A traveller walks past an advisory on the Zika virus infection in Kuala Lumpur International Airport in Sepang, Malaysia. Photo / AP
Confirmed cases of Zika virus in Singapore have risen to 82, as the United States joined a growing list of countries warning pregnant women or those trying to get pregnant to avoid travel to the city-state.
The mosquito-borne Zika virus, which has caused explosive outbreaks in the Americas and the Caribbean since late last year, poses a particular risk to pregnant women because it can cause microcephaly, a severe birth defect in which babies are born with abnormally small heads and underdeveloped brains.
The United States warned pregnant women not to travel to Singapore, joining Australia, Taiwan and South Korea.
The warnings followed news that Zika transmission appears to be occurring outside of the original cluster, with at least five of 26 new cases confirmed detected in the Aljunied area in the southeast of Singapore, the Health Ministry and National Environment Agency (NEA) said.

"This is regardless of whether they have been to Zika-affected areas," health officials said in a statement. The outbreak and advisories come as the tourism industry in one of the world's busiest travel hubs already faces weak global economic growth.Singapore has advised pregnant women to take a free Zika test if they showed any symptoms or if their partners tested positive.
Singapore's Tourism Board said it was premature to consider any impact on the sector, adding it remained a "safe travel destination".
More than 55 million people pass through Singapore's Changi Airport every year. In the first half of this year, tourism arrivals topped 8 million, around 1 million more than a year earlier.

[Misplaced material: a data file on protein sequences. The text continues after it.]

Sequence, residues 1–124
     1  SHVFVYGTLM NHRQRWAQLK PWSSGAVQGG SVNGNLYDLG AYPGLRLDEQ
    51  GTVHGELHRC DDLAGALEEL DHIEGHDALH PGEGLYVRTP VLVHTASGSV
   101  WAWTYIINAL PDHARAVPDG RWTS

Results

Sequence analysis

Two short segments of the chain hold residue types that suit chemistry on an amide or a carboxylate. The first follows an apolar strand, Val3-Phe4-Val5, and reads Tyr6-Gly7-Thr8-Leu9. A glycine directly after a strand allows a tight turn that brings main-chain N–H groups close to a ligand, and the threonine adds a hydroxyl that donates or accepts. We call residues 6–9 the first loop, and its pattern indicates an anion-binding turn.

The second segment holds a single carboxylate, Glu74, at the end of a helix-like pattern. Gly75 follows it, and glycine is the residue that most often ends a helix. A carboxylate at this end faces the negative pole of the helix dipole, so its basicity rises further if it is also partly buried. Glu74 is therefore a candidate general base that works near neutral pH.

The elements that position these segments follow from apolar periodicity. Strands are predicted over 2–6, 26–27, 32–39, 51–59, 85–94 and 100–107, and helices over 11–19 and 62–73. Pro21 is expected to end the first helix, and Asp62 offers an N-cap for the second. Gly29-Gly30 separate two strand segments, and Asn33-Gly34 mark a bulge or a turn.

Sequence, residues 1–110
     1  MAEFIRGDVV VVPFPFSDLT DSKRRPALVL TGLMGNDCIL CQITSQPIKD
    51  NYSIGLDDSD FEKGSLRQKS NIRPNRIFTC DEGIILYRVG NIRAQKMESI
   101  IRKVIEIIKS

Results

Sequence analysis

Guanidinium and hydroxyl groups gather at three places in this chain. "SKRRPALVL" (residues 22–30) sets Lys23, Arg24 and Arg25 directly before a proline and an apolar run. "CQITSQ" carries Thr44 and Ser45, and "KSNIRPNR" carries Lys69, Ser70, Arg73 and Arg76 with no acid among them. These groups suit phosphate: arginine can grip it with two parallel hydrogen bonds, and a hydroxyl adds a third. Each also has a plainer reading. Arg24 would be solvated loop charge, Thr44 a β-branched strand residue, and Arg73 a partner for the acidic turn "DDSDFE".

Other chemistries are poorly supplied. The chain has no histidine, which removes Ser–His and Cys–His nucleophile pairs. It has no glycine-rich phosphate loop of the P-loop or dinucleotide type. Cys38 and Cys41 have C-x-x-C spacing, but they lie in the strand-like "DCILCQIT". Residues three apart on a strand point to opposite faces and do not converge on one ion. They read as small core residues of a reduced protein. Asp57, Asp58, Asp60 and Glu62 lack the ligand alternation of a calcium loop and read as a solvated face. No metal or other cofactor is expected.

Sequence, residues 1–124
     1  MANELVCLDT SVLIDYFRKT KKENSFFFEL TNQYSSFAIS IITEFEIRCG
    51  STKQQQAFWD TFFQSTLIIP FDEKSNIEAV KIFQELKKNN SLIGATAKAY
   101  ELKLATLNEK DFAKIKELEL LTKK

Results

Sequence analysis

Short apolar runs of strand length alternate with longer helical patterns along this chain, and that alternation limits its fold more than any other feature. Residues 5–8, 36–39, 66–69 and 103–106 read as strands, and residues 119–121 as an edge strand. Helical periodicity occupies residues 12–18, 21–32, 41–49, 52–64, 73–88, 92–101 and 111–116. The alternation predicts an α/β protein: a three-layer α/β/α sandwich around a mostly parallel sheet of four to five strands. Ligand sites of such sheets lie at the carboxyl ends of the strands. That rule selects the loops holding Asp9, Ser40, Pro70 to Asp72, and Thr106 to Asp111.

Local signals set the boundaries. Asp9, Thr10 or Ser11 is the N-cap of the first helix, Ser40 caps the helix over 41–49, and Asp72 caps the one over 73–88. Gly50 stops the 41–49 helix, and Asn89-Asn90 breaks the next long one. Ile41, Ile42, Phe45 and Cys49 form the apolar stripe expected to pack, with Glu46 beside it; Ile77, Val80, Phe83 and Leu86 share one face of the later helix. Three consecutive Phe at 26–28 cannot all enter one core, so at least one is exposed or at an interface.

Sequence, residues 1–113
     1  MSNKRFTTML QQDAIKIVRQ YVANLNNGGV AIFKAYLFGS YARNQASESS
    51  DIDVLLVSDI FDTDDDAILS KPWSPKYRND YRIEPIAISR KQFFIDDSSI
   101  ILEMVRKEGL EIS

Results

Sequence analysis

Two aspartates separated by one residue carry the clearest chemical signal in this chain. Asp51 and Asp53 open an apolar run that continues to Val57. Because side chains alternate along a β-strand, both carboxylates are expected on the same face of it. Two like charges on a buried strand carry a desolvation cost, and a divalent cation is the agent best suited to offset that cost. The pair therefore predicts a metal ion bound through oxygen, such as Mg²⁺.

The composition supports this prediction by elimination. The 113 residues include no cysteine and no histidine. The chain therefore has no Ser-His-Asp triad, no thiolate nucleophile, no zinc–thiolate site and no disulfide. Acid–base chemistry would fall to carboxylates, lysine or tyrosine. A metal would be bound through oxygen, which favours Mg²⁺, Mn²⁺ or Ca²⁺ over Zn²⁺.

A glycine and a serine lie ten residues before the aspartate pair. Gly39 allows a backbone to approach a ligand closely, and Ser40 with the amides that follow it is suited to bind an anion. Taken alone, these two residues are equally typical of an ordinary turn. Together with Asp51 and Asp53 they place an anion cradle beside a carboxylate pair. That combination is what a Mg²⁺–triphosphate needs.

Singapore reported its first case of locally-transmitted Zika at the weekend, and the number of confirmed infections has risen steadily since then. At least three dozen patients have made a full recovery.
Neighbouring Malaysia and Indonesia have stepped up protective measures, introducing thermal scanners at airports and border checkpoints with the island state.
Such measures, however, will only identify symptomatic cases of Zika, but only one in five people have symptoms of the virus, which include fever, rash, joint pain and pink eye.
Singapore residents responded to government calls to be vigilant and to take precautions against mosquito bites. Online retailer Lazada Singapore said sales of insect repellents jumped fivefold in the past three days.
FairPrice supermarkets and Watsons pharmacies said their sales of such products had doubled. Most of the early infections were among foreign workers, hundreds of thousands of whom, mainly from the Asian sub-continent, work on Singapore's construction sites and in the marine sector.

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